Severe canine illness mystifies veterinarians, officials in Ohio

Severe canine illness mystifies veterinarians, officials in Ohio

State enlisting help of Ohio veterinarians to identify and combat disease.
Sep 10, 2013
By staff

The Ohio Department of Agriculture is working with animal health experts to determine the origin of a series of dog illnesses in the state, according to a release distributed by the Ohio Veterinary Medical Association. The state is also urging veterinarians to contact the Division of Animal Health if they suspect that any animals in their care are suffering from the same disease.

The department’s Division of Animal Health has been taking reports of severe dog illnesses in several parts of the state for the past three weeks. Affected dogs have exhibited similar symptoms, including vomiting, bloody diarrhea, weight loss and lethargy. Although there are several known causes of these symptoms in dogs, it is generally believed that there is an unknown contributor to the cases.

“While we continue to work diligently to identify what is making these dogs sick, we are asking Ohio’s veterinarians to help by contacting our laboratory for consultation if they suspect they are treating a related case,” says state veterinarian Tony Forshey, DVM. Veterinarians can also help by sharing information on what pet owners should look for and how they can protect their dogs.

Owners of dogs with similar symptoms are being urged to contact their veterinarian immediately. The department has also recommended that concerned dog owners take standard precautions used to reduce the spread of viral infections, including monitoring the animal closely for signs of illness and refraining from co-mingling them with other dogs.

“The most important thing dog owners can do is call their veterinarian if they have concerns about the health of their pets,” Forshey says.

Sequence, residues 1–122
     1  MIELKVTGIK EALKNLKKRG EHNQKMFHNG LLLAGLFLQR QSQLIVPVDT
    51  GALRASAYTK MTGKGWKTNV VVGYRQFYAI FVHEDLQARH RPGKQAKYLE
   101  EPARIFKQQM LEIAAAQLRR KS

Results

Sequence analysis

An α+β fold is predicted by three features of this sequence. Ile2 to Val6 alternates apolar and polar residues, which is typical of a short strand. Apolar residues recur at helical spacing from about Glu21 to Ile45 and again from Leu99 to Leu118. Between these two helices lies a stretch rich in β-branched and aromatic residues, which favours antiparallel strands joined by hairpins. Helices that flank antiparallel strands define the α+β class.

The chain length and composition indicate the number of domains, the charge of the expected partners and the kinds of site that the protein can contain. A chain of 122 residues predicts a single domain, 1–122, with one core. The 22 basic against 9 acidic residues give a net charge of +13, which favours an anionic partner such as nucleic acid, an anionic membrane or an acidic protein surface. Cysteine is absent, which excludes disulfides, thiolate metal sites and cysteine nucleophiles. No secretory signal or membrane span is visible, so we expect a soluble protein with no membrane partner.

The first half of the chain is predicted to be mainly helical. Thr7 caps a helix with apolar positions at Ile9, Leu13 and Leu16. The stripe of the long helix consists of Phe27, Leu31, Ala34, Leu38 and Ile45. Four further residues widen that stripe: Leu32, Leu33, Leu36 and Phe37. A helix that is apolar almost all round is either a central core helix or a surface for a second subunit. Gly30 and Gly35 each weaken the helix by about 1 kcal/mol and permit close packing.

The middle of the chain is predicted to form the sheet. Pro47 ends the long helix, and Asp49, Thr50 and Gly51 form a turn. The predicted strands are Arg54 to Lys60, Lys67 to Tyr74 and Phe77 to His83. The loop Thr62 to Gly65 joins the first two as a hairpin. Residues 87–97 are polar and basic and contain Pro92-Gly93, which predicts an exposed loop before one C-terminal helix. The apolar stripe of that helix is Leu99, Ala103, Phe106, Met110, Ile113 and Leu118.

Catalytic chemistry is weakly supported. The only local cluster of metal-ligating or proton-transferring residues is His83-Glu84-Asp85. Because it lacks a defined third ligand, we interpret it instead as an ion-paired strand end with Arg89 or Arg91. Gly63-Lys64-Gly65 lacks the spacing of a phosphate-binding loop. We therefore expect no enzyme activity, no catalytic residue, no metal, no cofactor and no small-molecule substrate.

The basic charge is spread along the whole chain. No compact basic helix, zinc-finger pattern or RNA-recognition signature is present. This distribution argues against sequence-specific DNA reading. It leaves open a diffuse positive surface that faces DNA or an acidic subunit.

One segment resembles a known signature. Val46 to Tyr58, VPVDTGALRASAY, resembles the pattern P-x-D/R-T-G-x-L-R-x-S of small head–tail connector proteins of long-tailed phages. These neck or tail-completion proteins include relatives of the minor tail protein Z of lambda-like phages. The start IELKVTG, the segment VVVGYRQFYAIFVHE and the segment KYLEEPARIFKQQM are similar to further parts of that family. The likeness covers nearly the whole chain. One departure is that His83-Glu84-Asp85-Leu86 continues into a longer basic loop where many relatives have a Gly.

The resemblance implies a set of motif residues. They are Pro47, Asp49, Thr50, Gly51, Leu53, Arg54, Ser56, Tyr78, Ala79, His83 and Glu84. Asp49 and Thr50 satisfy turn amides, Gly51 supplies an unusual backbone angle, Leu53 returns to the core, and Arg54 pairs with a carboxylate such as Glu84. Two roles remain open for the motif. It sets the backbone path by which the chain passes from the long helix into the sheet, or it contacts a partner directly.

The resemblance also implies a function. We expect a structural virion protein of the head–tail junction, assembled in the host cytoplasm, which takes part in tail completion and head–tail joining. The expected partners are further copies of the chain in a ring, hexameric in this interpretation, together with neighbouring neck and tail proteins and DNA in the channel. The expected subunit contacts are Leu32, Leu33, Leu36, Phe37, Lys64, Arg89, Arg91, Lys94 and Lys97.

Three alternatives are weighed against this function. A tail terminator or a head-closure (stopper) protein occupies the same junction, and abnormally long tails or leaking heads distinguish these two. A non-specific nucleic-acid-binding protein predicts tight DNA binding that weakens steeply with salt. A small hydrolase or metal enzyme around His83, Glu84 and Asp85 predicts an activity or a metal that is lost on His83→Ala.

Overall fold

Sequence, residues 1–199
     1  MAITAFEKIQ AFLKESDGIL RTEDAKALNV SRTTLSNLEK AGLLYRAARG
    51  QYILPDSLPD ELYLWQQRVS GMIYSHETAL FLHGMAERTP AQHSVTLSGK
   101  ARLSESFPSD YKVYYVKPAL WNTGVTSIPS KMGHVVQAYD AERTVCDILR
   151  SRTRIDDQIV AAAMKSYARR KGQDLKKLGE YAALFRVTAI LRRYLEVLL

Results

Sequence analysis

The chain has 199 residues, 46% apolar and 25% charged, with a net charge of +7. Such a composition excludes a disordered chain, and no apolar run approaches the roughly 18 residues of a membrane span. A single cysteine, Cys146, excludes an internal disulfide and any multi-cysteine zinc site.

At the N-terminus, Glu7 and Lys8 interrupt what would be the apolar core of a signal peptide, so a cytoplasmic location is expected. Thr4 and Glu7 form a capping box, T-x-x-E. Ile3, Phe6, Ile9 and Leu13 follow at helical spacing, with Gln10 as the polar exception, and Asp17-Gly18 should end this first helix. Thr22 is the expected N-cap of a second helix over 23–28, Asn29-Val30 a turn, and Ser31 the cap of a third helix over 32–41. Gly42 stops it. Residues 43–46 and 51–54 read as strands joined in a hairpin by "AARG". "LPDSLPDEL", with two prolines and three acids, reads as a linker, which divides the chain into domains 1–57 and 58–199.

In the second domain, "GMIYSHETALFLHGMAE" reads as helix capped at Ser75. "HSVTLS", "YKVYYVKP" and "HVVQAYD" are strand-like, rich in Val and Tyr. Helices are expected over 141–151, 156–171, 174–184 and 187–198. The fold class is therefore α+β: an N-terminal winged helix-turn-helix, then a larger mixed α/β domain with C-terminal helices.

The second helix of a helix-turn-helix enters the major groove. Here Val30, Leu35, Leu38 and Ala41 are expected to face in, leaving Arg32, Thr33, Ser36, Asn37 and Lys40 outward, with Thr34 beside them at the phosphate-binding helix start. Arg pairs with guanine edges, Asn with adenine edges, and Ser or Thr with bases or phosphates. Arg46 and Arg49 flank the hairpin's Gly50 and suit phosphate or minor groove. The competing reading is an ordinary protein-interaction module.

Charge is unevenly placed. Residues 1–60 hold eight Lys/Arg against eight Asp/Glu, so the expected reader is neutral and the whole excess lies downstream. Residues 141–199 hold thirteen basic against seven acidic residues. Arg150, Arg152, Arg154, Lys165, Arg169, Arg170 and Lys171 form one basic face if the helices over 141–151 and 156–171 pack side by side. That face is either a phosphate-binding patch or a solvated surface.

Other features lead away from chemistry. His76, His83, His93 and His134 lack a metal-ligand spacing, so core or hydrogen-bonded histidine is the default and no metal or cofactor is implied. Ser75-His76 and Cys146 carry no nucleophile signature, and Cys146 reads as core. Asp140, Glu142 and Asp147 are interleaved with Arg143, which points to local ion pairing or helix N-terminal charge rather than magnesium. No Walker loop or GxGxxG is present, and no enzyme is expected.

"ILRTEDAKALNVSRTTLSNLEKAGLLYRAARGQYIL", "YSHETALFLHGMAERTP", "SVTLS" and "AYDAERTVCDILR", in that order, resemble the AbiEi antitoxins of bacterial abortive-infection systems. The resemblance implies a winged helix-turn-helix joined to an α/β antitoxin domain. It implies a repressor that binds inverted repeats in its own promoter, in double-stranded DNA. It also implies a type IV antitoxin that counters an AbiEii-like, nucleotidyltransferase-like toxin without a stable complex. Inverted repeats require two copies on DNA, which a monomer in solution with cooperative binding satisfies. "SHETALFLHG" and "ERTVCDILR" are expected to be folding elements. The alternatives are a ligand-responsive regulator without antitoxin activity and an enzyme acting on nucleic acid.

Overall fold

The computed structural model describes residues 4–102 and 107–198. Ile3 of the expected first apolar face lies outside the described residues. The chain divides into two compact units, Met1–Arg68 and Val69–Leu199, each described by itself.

As part of its investigation, the department has announced the presence of canine circovirus in a fecal sample taken from an ill dog in the state. This is the first laboratory detection of canine circovirus in Ohio. Further work is being done to verify the significance of this finding.

“The laboratory confirmation is important because the virus is newly isolated; however, we are not prepared at this time to confirm that canine circovirus is the cause of the dog illnesses,” Forshey says. “Because the symptoms being exhibited can also be linked to other known illnesses, additional analysis and information are needed to determine if this virus alone or in coinfection contributes to illness and death in dogs.”

Canine circovirus is newly isolated and there is very little information available about it, including where it came from and how it spreads. The limited research available shows that canine circovirus can cause vasculitis and hemorrhaging in infected dogs.

The Ohio Department of Agriculture will continue to investigate the situation and urges veterinarians who believe they are treating dogs with similar symptoms to consult the Division of Animal Health by calling (614) 728-6220.